My post last week, suggesting that German beer had become samey and was increasingly being made to a lower budget, stirred up a lot of comment, quite a bit of it along the lines of “Oh, you just need to go to Bamberg/Cologne/my local/etc.”
Perhaps I should have qualified my comment and said “mainstream German beer is suffering”, but the warning that I was trying to send covers the good stuff too. The warning is that if German consumers don't look beyond their locals and favourites and their cosy assumptions of greatness, the multinationals will grab more and more. Then they will gradually do what multinationals always do, which is to dumb things down for the sake of profit and dominate via marketing not quality.
I certainly wasn't trying to say there are no good beers in Germany – there are lots (just as there were still real ales in Britain in 1971). Most are only available on draught in their home region, as is typically the case with Kölsch and Alt for example, although if you are lucky you will also find some of them in bottles further afield. There are also lots of local breweries and brewpubs – and many thanks to Renate for pointing me at Die Freien Brauer, which for British readers is a society for independent family brewers, rather like Britain's SIBA, and then again to this article from Der Spiegel, about new microbreweries in Berlin (only in German – but Google Translate makes a decent fist of it).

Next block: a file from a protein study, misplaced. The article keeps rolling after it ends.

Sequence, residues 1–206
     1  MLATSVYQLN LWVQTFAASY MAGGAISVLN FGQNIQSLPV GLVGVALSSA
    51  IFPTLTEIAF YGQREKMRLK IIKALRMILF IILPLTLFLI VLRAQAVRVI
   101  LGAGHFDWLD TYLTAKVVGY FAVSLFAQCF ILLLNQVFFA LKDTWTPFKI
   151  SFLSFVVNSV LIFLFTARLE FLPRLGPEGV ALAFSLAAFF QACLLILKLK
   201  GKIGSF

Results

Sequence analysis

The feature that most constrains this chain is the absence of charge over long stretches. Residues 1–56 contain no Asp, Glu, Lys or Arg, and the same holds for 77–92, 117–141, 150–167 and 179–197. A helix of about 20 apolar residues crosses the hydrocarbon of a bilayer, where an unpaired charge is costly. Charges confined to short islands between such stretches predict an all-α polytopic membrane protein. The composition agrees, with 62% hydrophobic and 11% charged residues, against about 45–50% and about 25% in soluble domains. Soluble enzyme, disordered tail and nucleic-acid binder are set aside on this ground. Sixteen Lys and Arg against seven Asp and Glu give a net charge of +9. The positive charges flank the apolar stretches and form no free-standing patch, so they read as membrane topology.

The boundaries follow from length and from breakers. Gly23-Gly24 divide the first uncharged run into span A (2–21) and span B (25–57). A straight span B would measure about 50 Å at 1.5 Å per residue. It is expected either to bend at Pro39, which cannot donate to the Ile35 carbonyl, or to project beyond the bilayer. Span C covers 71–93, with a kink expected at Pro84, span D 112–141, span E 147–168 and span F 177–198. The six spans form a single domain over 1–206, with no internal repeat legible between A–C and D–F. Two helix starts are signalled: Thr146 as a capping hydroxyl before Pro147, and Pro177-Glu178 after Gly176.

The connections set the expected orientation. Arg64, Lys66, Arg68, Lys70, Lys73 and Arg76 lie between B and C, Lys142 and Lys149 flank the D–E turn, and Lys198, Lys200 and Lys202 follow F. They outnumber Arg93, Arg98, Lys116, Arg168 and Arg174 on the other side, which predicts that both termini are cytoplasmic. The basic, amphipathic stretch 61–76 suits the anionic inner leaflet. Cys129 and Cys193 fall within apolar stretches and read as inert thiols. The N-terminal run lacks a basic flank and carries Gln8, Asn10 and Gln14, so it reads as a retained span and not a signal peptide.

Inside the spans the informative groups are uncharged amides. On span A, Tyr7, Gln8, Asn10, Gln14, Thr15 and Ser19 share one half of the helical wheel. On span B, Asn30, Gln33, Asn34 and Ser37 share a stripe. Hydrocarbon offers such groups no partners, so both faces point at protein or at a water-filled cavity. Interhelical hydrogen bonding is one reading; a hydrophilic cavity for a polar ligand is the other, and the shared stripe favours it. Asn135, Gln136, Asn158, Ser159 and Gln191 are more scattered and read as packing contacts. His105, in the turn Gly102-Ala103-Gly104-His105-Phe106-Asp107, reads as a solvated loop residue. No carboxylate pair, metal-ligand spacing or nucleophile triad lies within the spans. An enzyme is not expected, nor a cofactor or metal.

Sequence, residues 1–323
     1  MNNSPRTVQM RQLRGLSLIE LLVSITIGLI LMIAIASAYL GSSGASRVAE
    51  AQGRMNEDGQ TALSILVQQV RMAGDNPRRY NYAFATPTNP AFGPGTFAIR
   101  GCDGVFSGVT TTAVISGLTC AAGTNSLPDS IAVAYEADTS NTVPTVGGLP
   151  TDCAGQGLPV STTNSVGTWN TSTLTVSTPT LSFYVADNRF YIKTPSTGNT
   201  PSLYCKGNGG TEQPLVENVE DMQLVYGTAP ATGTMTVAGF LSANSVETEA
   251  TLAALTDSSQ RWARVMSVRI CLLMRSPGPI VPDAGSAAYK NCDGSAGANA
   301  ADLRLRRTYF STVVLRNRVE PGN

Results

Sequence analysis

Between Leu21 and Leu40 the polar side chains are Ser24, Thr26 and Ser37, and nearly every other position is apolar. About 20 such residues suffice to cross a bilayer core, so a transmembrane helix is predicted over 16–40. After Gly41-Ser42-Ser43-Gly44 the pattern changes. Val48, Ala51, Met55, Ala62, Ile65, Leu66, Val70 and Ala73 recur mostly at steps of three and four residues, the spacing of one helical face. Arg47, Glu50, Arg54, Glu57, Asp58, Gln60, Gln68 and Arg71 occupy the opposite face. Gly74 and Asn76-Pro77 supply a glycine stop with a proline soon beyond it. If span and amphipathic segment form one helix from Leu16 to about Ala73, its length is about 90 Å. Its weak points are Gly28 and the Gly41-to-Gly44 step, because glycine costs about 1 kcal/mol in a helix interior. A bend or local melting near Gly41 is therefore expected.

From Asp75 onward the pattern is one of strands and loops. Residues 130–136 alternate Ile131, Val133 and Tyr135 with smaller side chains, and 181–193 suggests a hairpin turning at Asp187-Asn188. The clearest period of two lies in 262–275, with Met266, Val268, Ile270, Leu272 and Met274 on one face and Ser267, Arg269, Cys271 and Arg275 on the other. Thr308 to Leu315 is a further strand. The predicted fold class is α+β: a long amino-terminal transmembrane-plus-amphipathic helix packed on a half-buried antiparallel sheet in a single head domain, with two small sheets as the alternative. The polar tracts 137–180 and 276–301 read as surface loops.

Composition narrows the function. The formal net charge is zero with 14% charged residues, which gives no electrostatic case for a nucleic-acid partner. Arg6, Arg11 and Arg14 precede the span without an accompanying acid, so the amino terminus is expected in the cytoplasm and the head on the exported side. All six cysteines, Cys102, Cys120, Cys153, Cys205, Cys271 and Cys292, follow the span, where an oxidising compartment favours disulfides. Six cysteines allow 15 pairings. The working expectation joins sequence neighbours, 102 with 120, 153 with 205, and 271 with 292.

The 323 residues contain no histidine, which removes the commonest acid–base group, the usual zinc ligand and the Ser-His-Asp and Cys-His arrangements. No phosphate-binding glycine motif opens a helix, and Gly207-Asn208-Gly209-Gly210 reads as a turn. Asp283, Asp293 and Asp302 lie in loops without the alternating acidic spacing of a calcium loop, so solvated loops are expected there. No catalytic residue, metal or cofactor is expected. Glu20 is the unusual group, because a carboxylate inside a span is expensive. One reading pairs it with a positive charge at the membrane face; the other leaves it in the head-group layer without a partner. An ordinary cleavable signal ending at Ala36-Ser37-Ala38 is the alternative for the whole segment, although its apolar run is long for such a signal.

German beer as a whole has been left behind though, and certainly isn't the best in the world now, if it ever was. Quite often, what a regional brewery or a brewpub produces is the regulation Pils and/or Weizen, plus maybe one or two others. And even that isn't what most people drink, especially outside Bavaria – that's the produce of the big boys, the Oettingers, Krombachers and Bitburgers, the mass-produced, crisp yet one-dimensional beers. The entire membership of the DFB brews less beer than Oettinger, for example.
And it's the “little green bottles from Prussia” slagged off by the author of this article from Süddeutsche Zeitung (again, in German – and GIYF). He also slates the sameyness of the big beers, along with brewery ties and marketing that limit choice on the bar, and the lack of imagination that leads to beer being drunk to get drunk rather than for enjoyment.
All this is why Germany needs a beer consumers group – to educate people about how wonderful German beer can be if it's made right, and support those brewers that are doing it right. Sure, the newspapers will do a bit of this every once in a while, but a consumers group can take it to the next level.
The other reason why Germany needs a beer consumers group is to ensure that the government doesn't just hear the voices of the big brewing businesses. Sure, organisations such as Die Freien Brauer can do some of this, but they could do a lot more with the backing of a genuine grassroots consumer group.
So, how about it – what needs doing, and who ought to be doing it?